Rogers dancing with Atlanta Ballet in Jean-Christophe Maillot's Roméo et Juliette. Photo by Charlie McCullers, Courtesy Atlanta Ballet
If there was life before dance, I don't remember it. My earliest memory is of watching my sister's dance recital and seeing the children in the piece before hers dressed in bumblebee costumes. I knew then I had to start dance lessons so that I, too, could parade around in glorious black and yellow, and wings, oh, the wings! My mom signed me up the next week (there are no easier ways to procure a bumblebee costume, I guess), and here I am almost three decades later.
Growing up, nearly everyone I loved most in the world danced, and that's also true today. Dancers are filled with a vitality and a whimsy that I love being around. The ballet studio is a tough environment, but the friendships forged there last a lifetime. There is a beautiful transcendence that sometimes happens when you share a stage with those you hold dear. Once, when I was on tour with Atlanta Ballet doing Ohad Naharin's Minus 16, there was a moment before we started that iconic chair dance, standing in a semicircle, when I felt the energy of all the other dancers onstage and I knew they felt it too.
"I dance because I have wanderlust,
and not just geographically."
Royal Swedish Ballet dancer Alessa Rogers
I dance because I have wanderlust, and not just geographically. Yes, ballet has allowed me to travel the world, but it has also let me live more than one life. I've been a gypsy and a princess, a fairy and a crazy person, a vampire and a courtesan and a star-crossed lover. Being all of these things in one lifetime—it's more than most people can ask for. And it's not just acting. When we're onstage, we truly do experience those emotions. For those couple hours, we are those people. We feel their love, and their pain.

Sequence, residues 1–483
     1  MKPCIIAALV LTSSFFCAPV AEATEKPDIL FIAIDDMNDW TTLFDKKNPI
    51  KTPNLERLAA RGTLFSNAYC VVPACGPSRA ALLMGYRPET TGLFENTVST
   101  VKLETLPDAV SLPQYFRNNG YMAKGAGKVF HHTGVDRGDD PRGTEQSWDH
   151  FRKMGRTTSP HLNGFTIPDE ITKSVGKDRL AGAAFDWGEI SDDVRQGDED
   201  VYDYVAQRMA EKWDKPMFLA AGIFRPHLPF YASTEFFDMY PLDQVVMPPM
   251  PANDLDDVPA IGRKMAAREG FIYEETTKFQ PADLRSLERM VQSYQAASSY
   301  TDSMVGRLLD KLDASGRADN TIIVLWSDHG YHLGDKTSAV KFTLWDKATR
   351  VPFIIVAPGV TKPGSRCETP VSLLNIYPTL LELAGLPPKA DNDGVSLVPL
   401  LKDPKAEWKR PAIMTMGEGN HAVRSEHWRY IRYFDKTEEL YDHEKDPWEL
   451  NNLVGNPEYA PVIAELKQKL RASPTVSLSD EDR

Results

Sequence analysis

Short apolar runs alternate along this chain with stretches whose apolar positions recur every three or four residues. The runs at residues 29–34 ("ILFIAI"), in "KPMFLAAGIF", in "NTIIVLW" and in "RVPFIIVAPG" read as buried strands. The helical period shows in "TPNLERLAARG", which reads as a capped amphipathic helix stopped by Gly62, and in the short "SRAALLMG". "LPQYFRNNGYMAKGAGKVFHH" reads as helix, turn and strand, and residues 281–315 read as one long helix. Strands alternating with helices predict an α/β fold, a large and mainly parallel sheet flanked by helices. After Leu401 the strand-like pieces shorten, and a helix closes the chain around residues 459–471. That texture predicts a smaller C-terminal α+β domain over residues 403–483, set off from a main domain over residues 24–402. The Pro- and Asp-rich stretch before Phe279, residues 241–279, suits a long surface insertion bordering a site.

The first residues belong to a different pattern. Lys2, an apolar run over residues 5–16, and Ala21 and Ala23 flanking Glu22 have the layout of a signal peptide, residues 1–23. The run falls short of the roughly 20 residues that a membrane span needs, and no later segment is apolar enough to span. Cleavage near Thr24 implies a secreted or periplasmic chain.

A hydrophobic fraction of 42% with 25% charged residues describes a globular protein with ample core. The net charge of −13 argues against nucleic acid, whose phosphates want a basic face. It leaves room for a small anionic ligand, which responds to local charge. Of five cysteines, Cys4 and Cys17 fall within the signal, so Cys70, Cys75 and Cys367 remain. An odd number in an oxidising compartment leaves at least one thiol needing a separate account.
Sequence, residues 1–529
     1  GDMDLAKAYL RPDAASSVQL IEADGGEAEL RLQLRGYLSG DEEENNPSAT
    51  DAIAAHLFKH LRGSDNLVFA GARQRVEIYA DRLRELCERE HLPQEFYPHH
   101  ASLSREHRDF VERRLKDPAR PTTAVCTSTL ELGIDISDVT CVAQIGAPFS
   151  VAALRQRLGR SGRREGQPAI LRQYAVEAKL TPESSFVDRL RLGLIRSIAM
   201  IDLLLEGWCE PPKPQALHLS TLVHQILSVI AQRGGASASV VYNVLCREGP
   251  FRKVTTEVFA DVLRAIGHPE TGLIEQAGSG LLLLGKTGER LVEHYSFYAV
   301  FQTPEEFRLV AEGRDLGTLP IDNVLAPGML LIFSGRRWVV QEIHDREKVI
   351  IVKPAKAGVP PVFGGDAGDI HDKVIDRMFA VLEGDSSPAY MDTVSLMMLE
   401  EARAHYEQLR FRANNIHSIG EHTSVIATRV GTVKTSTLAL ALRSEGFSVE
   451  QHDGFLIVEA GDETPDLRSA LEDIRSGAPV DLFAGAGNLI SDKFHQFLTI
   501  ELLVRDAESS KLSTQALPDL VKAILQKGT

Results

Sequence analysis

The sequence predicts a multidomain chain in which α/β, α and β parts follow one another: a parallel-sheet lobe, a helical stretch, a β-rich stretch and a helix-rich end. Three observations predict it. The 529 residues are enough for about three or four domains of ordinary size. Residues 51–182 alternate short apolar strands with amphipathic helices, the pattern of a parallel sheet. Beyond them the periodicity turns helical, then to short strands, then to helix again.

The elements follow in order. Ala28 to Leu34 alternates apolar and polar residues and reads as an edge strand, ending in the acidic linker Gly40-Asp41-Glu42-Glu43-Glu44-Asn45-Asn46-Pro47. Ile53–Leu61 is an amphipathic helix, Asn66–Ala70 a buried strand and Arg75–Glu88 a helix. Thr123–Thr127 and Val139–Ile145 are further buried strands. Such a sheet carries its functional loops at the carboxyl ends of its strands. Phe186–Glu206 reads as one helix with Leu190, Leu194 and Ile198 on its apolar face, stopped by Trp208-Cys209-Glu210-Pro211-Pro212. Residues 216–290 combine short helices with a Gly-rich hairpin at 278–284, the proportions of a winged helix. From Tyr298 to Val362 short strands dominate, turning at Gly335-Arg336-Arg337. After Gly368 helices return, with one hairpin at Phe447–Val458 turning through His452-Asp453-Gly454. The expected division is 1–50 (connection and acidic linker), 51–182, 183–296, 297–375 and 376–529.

Ballet has become an identity I'm not willing to shed. True, it's all I've ever tried, but I would live this life again and again.
Mention "flamenco" to anyone in the Cuban dance scene, and they are likely to bring up Irene Rodríguez. Artistic director of Compañía Irene Rodríguez, Cuba's premiere flamenco company, Rodríguez has shared the stage with such renowned flamenco artists as Eva Yerbabuena, María Juncal and Antonio Gades. She is also a faculty member at Havana's Fernando Alonso National Ballet School, and has served as a choreography consultant at Ballet Nacional de Cuba.
Irina Kolpakova in the studio with Katherine Williams. Photo by Quinn Wharton for Pointe.
Being coached by a treasure like former Kirov prima Irina Kolpakova is an experience most dancers only dream of. But company members at American Ballet Theatre have been the lucky beneficiaries of her wisdom since 1990. Thanks to Instagram, where pros like Gillian Murphy and James Whiteside share snippets of their sessions with Kolpakova, any ballet lover can be a fly on the wall during rehearsals with the famed ballet mistress.